UNITED STATES DISTRICT COURT FOR THE DISTRICT OF COLUMBIA
March 18, 1976
CROWN CENTRAL PETROLEUM CORPORATION and United Refining Company, Plaintiffs, Hawaiian Independent Refinery, Inc., Plaintiff-Intervenor,
FEDERAL ENERGY ADMINISTRATION and Frank G. Zarb, Defendants
The opinion of the court was delivered by: GESELL
MEMORANDUM AND ORDER
GESELL, District Judge.
This declaratory judgment action comes before the Court on the merits. It presents a pure question of statutory construction which was fully briefed and argued.
The controversy arises against the background of the Entitlements Program and two-tier system for pricing oil which was initiated by the Cost of Living Council as part of its Stabilization Program under the Economic Stabilization Act of 1970, as amended, 12 U.S.C. § 1904 note. See Cities Service Co. v. FEA, Em.App., 529 F.2d 1016 (1975); Pasco, Inc. v. FEA, Em.App., 525 F.2d 1391 (1975); and Consumers Union v. Sawhill, Em.App., 525 F.2d 1068 (1975).
Recently the Energy Policy and Conservation Act (EPCA), 89 Stat. 871, Pub.L. No. 94-163, 42 U.S.C. § 6201 note, expressly exempted small refiner entitlement buyers which satisfy certain enumerated criteria from the obligation to purchase entitlements on their first 50,000 barrels per day of input or receipts. In particular, § 403 of EPCA reads as follows:
(a) Section 4 of the Emergency Petroleum Allocation Act of 1973 [ 15 U.S.C. § 753], as amended by this Act, is further amended by adding at the end thereof the following:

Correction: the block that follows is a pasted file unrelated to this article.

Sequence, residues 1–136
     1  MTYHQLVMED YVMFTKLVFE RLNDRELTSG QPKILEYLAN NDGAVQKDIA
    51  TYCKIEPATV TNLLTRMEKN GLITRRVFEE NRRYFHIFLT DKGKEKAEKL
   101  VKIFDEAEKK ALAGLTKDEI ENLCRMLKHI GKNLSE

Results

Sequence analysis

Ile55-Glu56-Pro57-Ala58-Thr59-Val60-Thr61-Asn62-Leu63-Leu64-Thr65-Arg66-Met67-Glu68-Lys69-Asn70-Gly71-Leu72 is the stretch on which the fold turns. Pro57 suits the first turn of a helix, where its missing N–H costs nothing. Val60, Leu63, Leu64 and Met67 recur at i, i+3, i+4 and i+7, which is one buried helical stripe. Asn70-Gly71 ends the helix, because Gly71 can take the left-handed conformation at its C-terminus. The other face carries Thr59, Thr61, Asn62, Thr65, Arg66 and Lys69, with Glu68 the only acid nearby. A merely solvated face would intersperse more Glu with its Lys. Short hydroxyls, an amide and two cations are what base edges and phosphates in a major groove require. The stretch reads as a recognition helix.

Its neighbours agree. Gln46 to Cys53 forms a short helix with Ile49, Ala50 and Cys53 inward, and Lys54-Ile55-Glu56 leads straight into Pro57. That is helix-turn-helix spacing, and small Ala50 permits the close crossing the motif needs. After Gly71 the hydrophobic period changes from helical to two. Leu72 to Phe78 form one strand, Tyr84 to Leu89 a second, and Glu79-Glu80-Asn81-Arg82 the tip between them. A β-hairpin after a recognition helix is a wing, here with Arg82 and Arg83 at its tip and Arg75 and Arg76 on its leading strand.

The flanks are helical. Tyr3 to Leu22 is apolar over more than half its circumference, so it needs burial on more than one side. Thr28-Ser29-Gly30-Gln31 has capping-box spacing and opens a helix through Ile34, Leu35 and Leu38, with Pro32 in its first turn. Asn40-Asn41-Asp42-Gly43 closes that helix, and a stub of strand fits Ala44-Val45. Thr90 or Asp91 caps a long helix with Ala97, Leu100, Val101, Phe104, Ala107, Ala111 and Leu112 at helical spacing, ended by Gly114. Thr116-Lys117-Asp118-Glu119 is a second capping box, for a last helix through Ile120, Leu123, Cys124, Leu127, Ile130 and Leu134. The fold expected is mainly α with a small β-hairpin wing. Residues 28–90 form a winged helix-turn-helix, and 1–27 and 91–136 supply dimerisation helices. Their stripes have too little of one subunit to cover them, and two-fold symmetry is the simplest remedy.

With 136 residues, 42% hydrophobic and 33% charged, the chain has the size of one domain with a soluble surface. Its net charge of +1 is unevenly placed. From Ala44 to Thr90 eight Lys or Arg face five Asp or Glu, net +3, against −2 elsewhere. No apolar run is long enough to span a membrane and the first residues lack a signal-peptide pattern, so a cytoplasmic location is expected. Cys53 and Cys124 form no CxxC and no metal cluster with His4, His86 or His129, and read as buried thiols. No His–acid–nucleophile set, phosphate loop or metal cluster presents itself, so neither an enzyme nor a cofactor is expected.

"(e) Any provision of the regulation under subsection (a) of the section --
"(1) Which requires the purchase of entitlements, or the payment of money through any other similar cash transfer arrangement, the purpose of which is to reduce disparities in the crude oil acquisition costs of domestic refiners, and
"(2) which is based upon the number of barrels of crude oil input, or receipts, or both, of any refiner,
shall not apply to the first 50,000 barrels per day of input, or receipts, or both, of any refiner whose total refining capacity (including the refining capacity of any person who controls, is controlled by, or is under common control with such refiner) did not exceed on January 1, 1975, and does not thereafter exceed 100,000 barrels per day. The preceding sentence shall not affect any provisions of the regulation under subsection (a) of this section with respect to the receipt by any small refiner as defined in section 3(4) of payments for entitlements or any other similar cash transfer arrangement."
(b) Subsection (a) of this section shall apply with respect to payments due on or after the last day of the month during which the date of enactment of this Act occurs.
The Federal Energy Administration promptly implemented this statutory exemption through the adoption of Special Rule No. 6, 41 Fed.Reg. 1044 (January 6, 1976), to the Entitlements Program regulation, 10 C.F.R. § 211.67. In this Special Rule, FEA stated it was taking into account the small refiner buyer exemption in precisely the same manner as it accounted for all prior administrative exemptions awarded to entitlement purchasers through decisions of FEA's Office of Exceptions and Appeals. That is, the Special Rule provides that the exemption is "given effect in the calculations under § 211.67 by proportionately increasing entitlement purchase and reducing entitlement sale obligations." 41 Fed.Reg. 1044, 1045 (January 6, 1976).